Do you invest with Kickfurther?  If so are your concerns the same as mine?  What has your experience been so far?



  1. I had never heard of this program before! Thanks for sharing, it's an interesting concept for sure.

  2. Hi there,
    There are many companies on Kickfurther who have completed several deals. Harvey Prince is one of them and they are back for their third raise. They have a great track record.

    1. and now, about a year after this comment was made, Harvey Prince is far behind on payments, though paying regularly.

  3. That's true, and I backed their second raise and their third.

  4. I've been with Kickfurther for about 8 months now and am averaging a -17% ROI. Hopefully I'll be able to recoup at least the money I've put in by the time all my offers finish (or don't finish as about 8 are in a state of no confidence with no paybacks expected or being pursued by kickfurther). I'd say at this point kickfurther offers little to no protection for investors, it would be more profitable to keep it in your savings account, I wish I had.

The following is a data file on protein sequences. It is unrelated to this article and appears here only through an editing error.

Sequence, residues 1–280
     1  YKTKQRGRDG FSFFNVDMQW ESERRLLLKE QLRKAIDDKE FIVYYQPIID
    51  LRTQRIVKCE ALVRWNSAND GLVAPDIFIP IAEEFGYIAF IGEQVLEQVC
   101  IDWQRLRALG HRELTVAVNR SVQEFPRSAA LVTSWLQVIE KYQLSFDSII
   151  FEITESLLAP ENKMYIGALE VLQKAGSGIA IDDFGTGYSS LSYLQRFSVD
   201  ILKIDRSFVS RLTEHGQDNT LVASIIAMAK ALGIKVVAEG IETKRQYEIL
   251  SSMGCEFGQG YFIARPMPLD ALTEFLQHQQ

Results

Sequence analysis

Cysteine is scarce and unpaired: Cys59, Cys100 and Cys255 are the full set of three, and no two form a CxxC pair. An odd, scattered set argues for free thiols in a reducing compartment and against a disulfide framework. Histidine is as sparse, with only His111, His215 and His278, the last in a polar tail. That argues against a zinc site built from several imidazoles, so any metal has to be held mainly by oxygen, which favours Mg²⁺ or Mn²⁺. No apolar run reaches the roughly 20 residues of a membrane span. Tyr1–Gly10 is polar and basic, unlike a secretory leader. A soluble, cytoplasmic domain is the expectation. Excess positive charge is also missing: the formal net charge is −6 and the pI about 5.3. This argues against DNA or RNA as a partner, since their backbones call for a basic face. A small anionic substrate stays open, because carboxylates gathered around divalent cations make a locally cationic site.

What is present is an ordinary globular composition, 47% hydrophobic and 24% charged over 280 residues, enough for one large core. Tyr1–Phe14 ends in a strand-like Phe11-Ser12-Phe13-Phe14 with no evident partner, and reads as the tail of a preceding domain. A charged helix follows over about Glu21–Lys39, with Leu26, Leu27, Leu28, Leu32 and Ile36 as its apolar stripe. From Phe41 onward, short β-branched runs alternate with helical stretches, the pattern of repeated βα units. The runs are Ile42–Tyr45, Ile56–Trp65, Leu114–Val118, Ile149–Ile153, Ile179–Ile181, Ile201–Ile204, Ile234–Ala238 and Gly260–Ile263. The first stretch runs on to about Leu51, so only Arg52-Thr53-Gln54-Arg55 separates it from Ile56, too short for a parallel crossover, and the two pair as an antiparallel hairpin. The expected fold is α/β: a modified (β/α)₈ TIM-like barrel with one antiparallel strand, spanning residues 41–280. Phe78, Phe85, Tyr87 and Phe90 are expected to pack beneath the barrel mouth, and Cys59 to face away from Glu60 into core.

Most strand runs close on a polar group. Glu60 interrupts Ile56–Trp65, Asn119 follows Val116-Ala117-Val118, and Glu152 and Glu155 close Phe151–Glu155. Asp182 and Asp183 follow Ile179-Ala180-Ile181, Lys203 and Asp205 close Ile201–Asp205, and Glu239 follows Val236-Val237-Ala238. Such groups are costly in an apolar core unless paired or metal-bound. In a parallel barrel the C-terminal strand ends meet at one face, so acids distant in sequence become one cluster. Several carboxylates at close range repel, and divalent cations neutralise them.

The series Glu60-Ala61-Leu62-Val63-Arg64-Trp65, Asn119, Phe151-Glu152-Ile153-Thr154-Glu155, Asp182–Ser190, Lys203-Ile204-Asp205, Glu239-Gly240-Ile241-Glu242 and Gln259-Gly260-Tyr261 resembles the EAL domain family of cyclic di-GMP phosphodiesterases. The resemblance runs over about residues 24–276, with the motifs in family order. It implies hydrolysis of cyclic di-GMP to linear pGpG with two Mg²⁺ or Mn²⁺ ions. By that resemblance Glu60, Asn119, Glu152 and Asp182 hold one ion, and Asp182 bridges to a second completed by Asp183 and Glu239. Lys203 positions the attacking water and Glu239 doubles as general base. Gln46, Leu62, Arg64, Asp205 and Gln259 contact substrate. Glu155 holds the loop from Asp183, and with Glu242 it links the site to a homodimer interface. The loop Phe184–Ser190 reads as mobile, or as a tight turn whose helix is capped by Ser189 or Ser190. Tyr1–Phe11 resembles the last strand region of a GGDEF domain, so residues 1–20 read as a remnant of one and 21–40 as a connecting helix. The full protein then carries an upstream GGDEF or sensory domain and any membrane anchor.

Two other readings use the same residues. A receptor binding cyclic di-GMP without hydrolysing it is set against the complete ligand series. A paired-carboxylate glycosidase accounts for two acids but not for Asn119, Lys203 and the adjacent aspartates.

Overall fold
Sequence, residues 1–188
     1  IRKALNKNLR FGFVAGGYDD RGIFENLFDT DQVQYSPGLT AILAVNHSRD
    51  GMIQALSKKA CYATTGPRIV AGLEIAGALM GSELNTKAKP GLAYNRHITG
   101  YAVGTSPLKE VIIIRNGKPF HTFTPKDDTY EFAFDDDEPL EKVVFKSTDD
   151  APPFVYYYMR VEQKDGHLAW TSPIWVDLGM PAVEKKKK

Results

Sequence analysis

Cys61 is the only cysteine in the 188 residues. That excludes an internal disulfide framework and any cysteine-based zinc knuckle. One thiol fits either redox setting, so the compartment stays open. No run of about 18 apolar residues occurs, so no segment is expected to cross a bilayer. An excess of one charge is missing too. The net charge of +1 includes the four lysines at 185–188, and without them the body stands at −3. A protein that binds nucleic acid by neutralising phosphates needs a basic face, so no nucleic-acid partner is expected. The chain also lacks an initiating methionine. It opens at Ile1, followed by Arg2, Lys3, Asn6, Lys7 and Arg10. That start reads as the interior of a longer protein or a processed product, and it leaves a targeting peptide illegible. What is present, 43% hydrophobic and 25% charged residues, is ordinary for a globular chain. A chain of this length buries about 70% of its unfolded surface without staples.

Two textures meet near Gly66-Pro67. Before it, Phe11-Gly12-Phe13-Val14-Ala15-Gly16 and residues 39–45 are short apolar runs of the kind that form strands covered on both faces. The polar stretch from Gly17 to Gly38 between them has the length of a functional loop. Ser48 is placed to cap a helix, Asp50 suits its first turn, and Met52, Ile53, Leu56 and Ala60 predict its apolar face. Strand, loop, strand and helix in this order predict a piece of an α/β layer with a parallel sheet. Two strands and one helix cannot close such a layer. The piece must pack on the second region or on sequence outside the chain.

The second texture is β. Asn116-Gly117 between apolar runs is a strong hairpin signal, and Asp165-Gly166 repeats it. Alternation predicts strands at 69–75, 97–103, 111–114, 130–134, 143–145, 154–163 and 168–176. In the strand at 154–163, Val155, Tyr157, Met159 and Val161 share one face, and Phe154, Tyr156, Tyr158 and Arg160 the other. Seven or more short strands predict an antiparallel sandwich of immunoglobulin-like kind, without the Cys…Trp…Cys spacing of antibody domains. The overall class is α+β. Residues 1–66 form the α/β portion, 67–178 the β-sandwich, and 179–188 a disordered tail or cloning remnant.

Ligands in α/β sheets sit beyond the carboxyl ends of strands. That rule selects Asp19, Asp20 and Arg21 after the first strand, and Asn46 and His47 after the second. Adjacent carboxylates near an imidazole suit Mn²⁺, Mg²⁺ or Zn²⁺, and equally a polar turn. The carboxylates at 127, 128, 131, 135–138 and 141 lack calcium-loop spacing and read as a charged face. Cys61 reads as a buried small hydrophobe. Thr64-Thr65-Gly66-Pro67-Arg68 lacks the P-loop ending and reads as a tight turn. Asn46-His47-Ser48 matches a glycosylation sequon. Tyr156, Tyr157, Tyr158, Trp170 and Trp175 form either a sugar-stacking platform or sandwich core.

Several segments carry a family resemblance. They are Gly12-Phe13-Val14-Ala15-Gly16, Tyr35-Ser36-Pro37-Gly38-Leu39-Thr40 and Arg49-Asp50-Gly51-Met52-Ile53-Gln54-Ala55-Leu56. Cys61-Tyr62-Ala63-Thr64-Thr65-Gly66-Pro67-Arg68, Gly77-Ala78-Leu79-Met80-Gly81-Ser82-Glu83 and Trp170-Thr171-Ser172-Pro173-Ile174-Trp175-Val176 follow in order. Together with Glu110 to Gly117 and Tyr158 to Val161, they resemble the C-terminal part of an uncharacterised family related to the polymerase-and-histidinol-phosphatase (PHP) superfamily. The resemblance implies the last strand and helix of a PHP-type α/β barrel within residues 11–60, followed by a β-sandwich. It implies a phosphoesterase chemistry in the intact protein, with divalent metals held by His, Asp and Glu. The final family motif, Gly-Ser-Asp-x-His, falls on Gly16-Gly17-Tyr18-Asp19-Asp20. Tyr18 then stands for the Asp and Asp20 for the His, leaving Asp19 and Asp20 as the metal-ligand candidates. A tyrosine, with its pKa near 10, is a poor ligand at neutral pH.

5. I am so glad I found your blog & I will be following it for your investment tips. I'm very new to the game and was looking for vehicles that I could invest money in. This concept is similar to some online HYIPs (High Yield Investment Progams) I used to dabble in a few years back. I found out they weren't really legal & stopped doing them.

    So I set out trying to find legal programs that had the same concept. And Kickfurther is the program for me to cut my teeth on. I wanted something I could easily get into on my income and I love this idea.